While horses gaze in the foreground, fire fighters work to contain this fire that appears to have been started by Edison power line work.
Ray Ford

Fire Reported at 1:09pm; first engines on scene six minutes later; first water dropped on the fire at 2:09pm; eleven fire engines (County, City and Forest Service); two Battalion Chiefs; two water-dropping county helicopters.

Containment time: 35 minutes; acreage burned – 1 acre.

Residents on upper Fairview Road were threatened briefly with the prospects of wildfire raging through their community when sparks from work being done to replace aging wooden power lines with metal towers apparently ignited the nearby brush. The fire started shortly before 2pm on Sunday but thanks to quick response from City, County and Forest Service engine crews as well as water dropping helicopters, the fire was contained less than an hour later.

A bit of needed rest for the crew after the fire has been contained. This spot notes what fire officials believe was the starting point of the fire.
Ray Ford

The fire was blamed by nearby residents on work being done to replace aging wooden poles with metal ones. “There are down power lines in the area where the fire started,” County Fire PIO Eli Iskow told news reporters. “However, we haven’t yet confirmed that this was what caused the fire.”

One nearby resident reported that work was being done by Edison crews on Sunday. Robin Cederlof, who lives near the end of Fairview Road and just below where the fire started was one of the first to report it. “I smelled the smoke and wondered if one of my neighbors was having a bar-be-que,” she remembers, “but when I moved over to look out my kitchen window I could see the smoke up the hill.”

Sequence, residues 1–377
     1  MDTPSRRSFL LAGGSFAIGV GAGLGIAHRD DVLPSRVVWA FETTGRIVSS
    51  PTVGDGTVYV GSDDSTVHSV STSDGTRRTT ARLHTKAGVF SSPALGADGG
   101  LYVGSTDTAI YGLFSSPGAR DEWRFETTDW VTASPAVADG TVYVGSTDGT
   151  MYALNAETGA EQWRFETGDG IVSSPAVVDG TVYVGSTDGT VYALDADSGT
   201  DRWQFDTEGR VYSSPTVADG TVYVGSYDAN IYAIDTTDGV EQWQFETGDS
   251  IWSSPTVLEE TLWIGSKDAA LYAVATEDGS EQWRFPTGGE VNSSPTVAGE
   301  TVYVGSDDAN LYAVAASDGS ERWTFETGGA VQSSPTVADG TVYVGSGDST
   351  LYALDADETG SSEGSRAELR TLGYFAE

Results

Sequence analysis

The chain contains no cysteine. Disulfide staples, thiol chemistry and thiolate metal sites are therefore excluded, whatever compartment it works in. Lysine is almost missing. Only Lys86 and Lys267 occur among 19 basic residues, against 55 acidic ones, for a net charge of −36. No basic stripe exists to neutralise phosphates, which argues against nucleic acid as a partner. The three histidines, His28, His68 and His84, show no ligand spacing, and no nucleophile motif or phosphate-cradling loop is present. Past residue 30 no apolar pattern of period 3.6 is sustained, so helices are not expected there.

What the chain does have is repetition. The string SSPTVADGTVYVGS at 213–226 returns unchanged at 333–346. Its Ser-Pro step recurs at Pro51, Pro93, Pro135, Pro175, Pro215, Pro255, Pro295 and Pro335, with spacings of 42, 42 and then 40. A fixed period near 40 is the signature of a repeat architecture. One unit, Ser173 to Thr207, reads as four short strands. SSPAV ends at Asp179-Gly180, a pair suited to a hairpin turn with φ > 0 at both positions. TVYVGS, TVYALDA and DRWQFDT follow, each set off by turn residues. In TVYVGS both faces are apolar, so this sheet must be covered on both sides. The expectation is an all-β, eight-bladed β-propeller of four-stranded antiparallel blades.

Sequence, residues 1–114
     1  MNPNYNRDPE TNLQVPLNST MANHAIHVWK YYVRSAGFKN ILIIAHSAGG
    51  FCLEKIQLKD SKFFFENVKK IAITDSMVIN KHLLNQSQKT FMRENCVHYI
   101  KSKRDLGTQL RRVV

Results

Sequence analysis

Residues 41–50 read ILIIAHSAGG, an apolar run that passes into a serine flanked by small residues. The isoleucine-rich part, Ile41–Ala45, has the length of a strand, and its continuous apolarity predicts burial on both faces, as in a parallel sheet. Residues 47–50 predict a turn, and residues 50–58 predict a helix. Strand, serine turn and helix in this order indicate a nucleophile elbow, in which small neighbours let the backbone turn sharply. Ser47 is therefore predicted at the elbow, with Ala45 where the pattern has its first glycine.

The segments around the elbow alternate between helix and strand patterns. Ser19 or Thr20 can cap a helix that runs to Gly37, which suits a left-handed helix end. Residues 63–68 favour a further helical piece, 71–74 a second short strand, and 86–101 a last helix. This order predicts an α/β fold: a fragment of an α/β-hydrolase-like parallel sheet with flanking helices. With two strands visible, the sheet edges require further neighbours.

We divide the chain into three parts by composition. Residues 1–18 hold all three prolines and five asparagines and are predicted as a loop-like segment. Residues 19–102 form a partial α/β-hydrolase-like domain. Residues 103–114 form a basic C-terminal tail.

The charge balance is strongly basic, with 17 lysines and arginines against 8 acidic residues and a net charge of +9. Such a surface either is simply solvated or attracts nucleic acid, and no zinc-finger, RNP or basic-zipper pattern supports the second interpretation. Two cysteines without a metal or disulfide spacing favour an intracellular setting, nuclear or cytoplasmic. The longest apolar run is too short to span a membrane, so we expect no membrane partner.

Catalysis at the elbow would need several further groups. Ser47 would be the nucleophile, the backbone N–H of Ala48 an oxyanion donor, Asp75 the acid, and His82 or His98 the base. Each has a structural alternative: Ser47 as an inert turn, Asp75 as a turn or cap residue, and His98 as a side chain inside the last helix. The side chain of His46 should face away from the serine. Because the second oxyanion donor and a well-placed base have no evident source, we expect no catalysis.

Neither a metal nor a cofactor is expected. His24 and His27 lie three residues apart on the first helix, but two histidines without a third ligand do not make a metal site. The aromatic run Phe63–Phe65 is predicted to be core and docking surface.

Within minutes after she had called 911 she could hear the sound of the fire engines and not too long after the sound of the helicopters coming with the needed water. “I can’t believe Edison was up there working on a Sunday when it’s been so dry and windy. Did they even have an idea of what to do if a fire started?”

Close up shows the area around the pole and the burned out carcass of the transformer.
Ray Ford

Though just a small fire, it has left residents wondering why the work couldn’t have been put off until the fire danger has lessened. “I can’t even have a wood fire in my fireplace until we get enough rain,” another resident fumed. “Yet Edison can work near live lines with little or no brush clearance around them. That’s not right.”


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